Other analysts concurred. After all, Putin had invested heavily in efforts to modernize the Russian military. Those efforts would now pay off, and Russian troops would make short work of Ukraine’s motley defenders. The results on the current battlefield belied such predictions, however. Thanks to President Volodymyr Zelensky’s inspiring leadership, the fighting spirit of Ukrainian troops, and massive quantities of arms provided by nations intent on denying Putin victory, Ukraine put up a stiff fight.
Equally important in determining the war’s course, and arguably even more surprising, was Russian military incompetence. Four decades before, a snide British journalist had described the Soviet Union as “Upper Volta with rockets”—backward, clumsy, unsophisticated. By 2022, the USSR was gone and the rockets had become more advanced, but as measured by the Russian Army’s performance, the charge still fit.
Nonetheless, more than a few American observers saw in the war evidence that another transformative moment was at hand. Despite (or because of) the fact that US forces played no direct role in the fighting, history was once more taking a sharp turn. And this time, it promised to be for the better.
The Russia-Ukraine War of 2022 is ostensibly nudging history back on track. Francis Fukuyama, the author of the “end of history” thesis, expects a Russian defeat in Ukraine that will “make possible a ‘new birth of freedom,’ and get us out of our funk about the declining state of global democracy.” What Fukuyama refers to as the “spirit of 1989” will thus “live on, thanks to a bunch of brave Ukrainians.”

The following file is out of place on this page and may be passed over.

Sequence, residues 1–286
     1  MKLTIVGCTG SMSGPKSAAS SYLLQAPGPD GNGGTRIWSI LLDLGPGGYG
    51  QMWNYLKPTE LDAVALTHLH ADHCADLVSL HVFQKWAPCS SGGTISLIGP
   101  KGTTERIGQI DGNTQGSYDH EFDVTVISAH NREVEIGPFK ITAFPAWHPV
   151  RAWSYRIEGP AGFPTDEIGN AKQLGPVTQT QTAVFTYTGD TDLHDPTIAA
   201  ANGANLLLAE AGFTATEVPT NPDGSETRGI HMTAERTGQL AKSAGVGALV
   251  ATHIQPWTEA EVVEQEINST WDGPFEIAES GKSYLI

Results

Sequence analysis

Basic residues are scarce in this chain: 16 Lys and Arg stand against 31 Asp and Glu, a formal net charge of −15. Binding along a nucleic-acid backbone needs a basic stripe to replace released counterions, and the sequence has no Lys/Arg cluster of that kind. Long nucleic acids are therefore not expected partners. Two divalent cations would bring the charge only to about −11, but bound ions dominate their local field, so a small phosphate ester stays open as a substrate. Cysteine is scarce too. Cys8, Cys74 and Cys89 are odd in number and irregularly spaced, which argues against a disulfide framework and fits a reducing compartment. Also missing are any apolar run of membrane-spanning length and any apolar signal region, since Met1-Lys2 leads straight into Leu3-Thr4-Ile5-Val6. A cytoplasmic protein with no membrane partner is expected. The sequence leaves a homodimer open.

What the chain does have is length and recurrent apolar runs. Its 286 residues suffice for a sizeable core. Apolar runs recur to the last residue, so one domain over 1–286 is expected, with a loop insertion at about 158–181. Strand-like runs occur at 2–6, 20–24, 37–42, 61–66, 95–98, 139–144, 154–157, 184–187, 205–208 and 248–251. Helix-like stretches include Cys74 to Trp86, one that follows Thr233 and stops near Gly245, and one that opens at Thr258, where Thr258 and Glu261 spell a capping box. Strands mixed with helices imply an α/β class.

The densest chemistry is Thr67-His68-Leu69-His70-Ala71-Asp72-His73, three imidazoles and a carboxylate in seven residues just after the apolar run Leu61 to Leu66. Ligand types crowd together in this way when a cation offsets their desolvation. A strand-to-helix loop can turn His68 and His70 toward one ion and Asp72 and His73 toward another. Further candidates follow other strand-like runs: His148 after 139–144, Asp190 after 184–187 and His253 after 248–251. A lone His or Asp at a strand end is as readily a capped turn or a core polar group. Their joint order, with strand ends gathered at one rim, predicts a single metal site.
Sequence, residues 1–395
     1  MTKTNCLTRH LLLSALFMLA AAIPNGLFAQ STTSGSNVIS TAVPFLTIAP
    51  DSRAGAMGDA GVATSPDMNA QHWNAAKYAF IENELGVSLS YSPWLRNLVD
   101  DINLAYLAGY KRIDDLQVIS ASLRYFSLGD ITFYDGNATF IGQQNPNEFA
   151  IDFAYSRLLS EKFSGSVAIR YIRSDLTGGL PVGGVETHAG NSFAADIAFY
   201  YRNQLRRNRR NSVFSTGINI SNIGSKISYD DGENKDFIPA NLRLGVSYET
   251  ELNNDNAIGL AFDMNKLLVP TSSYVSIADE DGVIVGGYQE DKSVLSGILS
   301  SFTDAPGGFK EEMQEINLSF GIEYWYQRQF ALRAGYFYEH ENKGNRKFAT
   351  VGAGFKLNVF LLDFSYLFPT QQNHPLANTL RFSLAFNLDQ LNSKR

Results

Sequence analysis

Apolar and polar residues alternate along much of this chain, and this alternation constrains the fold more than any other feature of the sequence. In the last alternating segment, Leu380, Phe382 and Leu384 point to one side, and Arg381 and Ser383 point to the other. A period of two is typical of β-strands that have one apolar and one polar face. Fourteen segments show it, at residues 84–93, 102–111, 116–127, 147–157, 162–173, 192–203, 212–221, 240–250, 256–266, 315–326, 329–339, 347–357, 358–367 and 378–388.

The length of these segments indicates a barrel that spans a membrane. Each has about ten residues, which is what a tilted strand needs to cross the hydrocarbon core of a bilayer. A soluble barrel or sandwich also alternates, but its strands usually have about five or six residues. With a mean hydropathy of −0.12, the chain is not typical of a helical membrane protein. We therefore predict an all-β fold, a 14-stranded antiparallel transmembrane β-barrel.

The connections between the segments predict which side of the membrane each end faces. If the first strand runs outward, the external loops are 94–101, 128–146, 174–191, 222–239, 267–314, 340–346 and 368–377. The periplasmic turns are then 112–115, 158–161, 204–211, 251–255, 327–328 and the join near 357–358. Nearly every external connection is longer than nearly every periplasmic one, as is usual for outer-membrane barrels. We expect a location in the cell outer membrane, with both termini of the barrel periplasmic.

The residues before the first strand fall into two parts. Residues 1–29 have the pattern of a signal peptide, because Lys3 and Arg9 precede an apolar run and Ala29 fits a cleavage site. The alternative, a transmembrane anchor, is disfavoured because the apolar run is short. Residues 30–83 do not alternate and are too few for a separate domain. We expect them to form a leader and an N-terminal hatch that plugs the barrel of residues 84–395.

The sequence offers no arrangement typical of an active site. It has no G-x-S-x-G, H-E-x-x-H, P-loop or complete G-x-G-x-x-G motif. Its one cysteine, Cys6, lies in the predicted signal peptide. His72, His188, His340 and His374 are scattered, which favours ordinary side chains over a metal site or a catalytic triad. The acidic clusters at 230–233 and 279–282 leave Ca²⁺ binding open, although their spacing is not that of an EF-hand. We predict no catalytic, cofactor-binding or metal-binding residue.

Writing in The New York Times, David Brooks caught that spirit. The war in Ukraine is having a transformative impact on the United States, he insists. Courageous Ukrainians are bearing witness to “what it looks like to believe in democracy, the liberal order and national honor but also to act bravely on behalf of these things.” Fighting to defend their country, they remind Americans that “patriotism is ennobling, a source of meaning and a reason to risk life.” Brooks credited pale-skinned and fair-haired Ukrainians with inspiring and instructing Americans, in ways that dusky Afghans (not to mention South Vietnamese) never did. “They’ve shown us that the love of a particular place, their own land and people, warts and all, can be part and parcel of a love for universal ideals, like democracy, liberalism and freedom.” In the resistance mounted by plucky Ukrainians, Brooks could see the potential of something akin to a much-needed cultural revolution (or counterrevolution) at home.
The war also brightened Bret Stephens’s mood. Gone was the near despair triggered by the embarrassing spectacle in Kabul. In a column headlined “This Is a Moment for America to Believe in Itself Again,” he characterized “the crisis of Ukraine, which is really a crisis of the West,” as an opportunity for Americans to return to their redeeming work. Forgotten were the 50 years of fecklessness: Ukraine’s war was America’s war. As if intent on erasing even the memory of Afghanistan, Stephens wrote that whenever and wherever the United States had fought, “it was for grand moral purposes, not avaricious aims.”
“Grand” and “moral” are not terms typically associated with America’s war in Afghanistan. Even so, virtually overnight, the acolytes of American power were hailing the war in Ukraine as signaling the coming restoration of a global Pax Americana. As for Afghanistan: Fuhgettaboutit!